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Critical event debriefing (CED) or ‘hot debriefings’ (HoDs) can be described as a trigger-based, immediate postevent, interprofessional, expertly facilitated conversation where clinicians recount, reflect on, and improve personally and as a team.1 The process and experience of clinicians who cared for the patient is more complex and involves thoughts and emotions that go beyond the ‘case’ or ‘resuscitation’ and the debriefing itself.2 The American Heart Association guidelines for neonatal resuscitation highlight ‘team debriefing’ as a key step in their cognitive aid.3 There is evidence that implementing a ‘Cold Debrief’ programme for teams that care for patients in cardiac arrest improves outcomes4 yet in practice 33% of events are routinely debriefed.5 Critical events in anaesthesia are debriefed infrequently and those associated with communication breakdowns were even less likely to be debriefed6. How do we fuel local implementation of CED programmes to harvest the opportunity for personal and systems learning required for continuous improvement?
In their EMJ study, Sugarman et al present a potent description of the local adaptation, implementation and dissemination of a CED programme in an emergency department (ED). They report on the findings of a quality improvement programme at a single institutions’ ED where a retrospective audit was conducted to examine the occurrence of HoDs in the North-West of England. Stakeholder interviews and a needs assessment process yielded a novel format for conducting locally relevant HoDs: the ‘TAKE STOCK’ model.7
The authors defined criteria for an HoD as: unexpected death, paediatric standby, distressing event, staff request and unexpected outcome. The programme was developed at one institution, it has been shared freely under creative commons license across 42 ED and Ambulance trusts in the UK. The authors prepared an implementation guide that includes a process for the conversation, guidance for those leading the conversation in the form of do’s and don’ts and other useful materials: a poster of the mnemonic TAKE STOCK, and the Data Collection Sheet. Over the course of 9 months, an embedded internal team developed the practice and process for CED based on local interviews, an evolving iterative design process.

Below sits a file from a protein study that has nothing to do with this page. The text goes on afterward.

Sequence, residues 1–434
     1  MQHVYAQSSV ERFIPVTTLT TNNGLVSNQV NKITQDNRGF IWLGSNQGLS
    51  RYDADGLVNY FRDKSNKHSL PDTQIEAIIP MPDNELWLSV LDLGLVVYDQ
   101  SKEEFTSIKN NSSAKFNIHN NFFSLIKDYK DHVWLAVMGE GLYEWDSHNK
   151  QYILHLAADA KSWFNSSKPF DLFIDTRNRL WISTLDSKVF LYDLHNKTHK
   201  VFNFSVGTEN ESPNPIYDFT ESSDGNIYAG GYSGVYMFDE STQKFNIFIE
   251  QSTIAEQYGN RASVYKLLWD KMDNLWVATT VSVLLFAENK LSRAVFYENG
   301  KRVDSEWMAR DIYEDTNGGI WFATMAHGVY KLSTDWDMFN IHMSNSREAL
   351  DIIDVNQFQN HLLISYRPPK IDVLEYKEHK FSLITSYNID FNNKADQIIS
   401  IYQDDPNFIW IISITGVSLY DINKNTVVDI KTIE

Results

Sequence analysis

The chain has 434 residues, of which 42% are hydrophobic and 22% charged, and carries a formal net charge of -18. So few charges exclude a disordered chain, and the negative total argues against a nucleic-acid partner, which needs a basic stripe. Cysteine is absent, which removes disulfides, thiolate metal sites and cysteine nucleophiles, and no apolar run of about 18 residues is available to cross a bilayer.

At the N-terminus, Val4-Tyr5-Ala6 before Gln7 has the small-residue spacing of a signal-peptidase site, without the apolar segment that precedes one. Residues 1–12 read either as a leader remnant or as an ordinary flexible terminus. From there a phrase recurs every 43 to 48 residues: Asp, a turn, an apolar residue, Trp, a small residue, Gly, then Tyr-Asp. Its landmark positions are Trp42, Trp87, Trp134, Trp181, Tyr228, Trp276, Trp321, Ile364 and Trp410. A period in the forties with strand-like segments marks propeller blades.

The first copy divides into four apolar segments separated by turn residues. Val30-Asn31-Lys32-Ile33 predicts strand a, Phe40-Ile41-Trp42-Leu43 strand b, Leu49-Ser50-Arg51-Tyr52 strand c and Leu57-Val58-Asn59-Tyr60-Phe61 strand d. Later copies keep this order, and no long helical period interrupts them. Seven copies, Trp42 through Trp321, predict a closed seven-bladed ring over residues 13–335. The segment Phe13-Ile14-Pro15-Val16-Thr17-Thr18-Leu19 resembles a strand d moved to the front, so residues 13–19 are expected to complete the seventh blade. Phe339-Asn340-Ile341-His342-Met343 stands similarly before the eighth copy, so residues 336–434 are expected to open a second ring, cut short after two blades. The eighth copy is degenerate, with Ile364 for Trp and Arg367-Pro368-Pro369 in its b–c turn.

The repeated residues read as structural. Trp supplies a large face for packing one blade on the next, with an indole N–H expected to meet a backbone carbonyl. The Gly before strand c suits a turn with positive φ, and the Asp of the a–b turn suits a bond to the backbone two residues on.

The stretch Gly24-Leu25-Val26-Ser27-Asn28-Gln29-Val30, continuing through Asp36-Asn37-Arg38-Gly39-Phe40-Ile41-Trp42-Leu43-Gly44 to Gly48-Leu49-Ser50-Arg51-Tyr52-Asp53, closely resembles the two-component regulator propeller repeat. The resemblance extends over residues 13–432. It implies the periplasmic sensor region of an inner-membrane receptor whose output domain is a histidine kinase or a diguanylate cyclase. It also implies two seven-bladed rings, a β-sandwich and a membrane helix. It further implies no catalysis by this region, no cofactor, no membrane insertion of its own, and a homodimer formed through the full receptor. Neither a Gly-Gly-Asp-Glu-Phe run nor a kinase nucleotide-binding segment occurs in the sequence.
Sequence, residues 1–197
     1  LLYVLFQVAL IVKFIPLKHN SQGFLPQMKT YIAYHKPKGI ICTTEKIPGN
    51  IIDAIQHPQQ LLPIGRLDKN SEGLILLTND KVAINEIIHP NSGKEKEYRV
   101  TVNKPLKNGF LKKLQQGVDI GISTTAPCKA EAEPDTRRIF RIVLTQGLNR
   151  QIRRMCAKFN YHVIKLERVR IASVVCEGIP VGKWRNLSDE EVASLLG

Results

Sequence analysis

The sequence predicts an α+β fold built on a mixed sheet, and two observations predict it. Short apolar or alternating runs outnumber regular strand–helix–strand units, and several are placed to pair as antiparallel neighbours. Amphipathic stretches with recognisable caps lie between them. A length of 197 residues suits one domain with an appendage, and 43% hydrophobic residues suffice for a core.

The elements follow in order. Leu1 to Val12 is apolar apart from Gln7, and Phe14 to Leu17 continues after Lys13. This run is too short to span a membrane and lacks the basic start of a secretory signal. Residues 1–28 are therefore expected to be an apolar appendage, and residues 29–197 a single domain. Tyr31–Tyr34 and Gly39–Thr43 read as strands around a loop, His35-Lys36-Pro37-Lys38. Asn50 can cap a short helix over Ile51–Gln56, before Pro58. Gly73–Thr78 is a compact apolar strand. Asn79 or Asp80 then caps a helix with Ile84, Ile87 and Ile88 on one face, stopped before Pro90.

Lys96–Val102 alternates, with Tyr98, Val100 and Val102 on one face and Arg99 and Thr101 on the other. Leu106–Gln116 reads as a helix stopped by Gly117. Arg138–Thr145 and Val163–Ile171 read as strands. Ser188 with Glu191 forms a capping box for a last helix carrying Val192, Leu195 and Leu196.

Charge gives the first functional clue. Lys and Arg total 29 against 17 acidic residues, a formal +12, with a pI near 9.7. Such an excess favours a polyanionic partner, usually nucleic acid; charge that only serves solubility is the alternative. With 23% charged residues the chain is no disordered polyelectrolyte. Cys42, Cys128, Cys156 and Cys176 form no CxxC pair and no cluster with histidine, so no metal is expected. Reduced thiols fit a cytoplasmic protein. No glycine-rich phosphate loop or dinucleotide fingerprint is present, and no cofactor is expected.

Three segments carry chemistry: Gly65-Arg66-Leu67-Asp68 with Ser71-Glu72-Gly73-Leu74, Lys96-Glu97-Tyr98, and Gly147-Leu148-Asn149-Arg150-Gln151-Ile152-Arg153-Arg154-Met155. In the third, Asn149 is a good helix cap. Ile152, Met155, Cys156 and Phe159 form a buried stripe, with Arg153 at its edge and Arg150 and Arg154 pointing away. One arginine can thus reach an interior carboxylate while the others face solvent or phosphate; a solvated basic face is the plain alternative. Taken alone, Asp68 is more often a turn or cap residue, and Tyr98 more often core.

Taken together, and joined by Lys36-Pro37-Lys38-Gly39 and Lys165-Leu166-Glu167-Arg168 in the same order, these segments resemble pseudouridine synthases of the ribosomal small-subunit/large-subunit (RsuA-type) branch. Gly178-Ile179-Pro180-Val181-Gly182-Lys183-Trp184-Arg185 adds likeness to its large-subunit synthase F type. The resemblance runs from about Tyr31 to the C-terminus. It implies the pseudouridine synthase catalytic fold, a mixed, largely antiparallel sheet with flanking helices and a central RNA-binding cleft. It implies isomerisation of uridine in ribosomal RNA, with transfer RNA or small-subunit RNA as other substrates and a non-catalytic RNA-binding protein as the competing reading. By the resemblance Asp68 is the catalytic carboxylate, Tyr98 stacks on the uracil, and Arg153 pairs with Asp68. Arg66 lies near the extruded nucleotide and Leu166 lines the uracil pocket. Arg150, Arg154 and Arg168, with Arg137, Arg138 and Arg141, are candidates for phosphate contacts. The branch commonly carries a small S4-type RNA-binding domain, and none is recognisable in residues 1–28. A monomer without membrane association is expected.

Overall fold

The development and implementation approach as described shares strategies and features that have been fruitful when implementing debriefing programmes to improve communication and decrease burnout in intensive care units8 and EDs9 10 during the COVID-19 pandemic. There are four features of the TAKE STOCK programme that we would like to highlight as they have been critical to successfully implementing locally tailored debriefing programmes in our experience.
Engage professionals from all levels of leadership: Involve active clinicians, CED programme leaders and ED leadership.
Prototype, pilot, iterate and adapt: Start with a prototype knowing that it will evolve and welcome iteration and innovation as part of the process.
Create clear processes and feedback loops: Define triggers for CED and set times and places for debriefing.
Create emotional connection with creative naming and branding: Use naming and branding to forge an emotional connection to the participants helping establish the practice of debriefing as part of their own routines and identities (figure 1 for example).
We suspect that CED programmes will continue to grow and serve as a critical mechanism to support people and processes in complex health systems. When, where, for what purposes and in what way these programmes are implemented are on the research agenda. CED programmes have the potential to impact expected and unexpected areas of practices in emergency medicine including mitigating social and racial biases, combating the epidemics of burnout and suicide, and responding to the ongoing COVID-19 pandemic.
Handling editor Ellen J Weber
Contributors Both authors contributed equally.
Funding The authors have not declared a specific grant for this research from any funding agency in the public, commercial or not-for-profit sectors.
Competing interests None declared.
Provenance and peer review Commissioned; internally peer reviewed.
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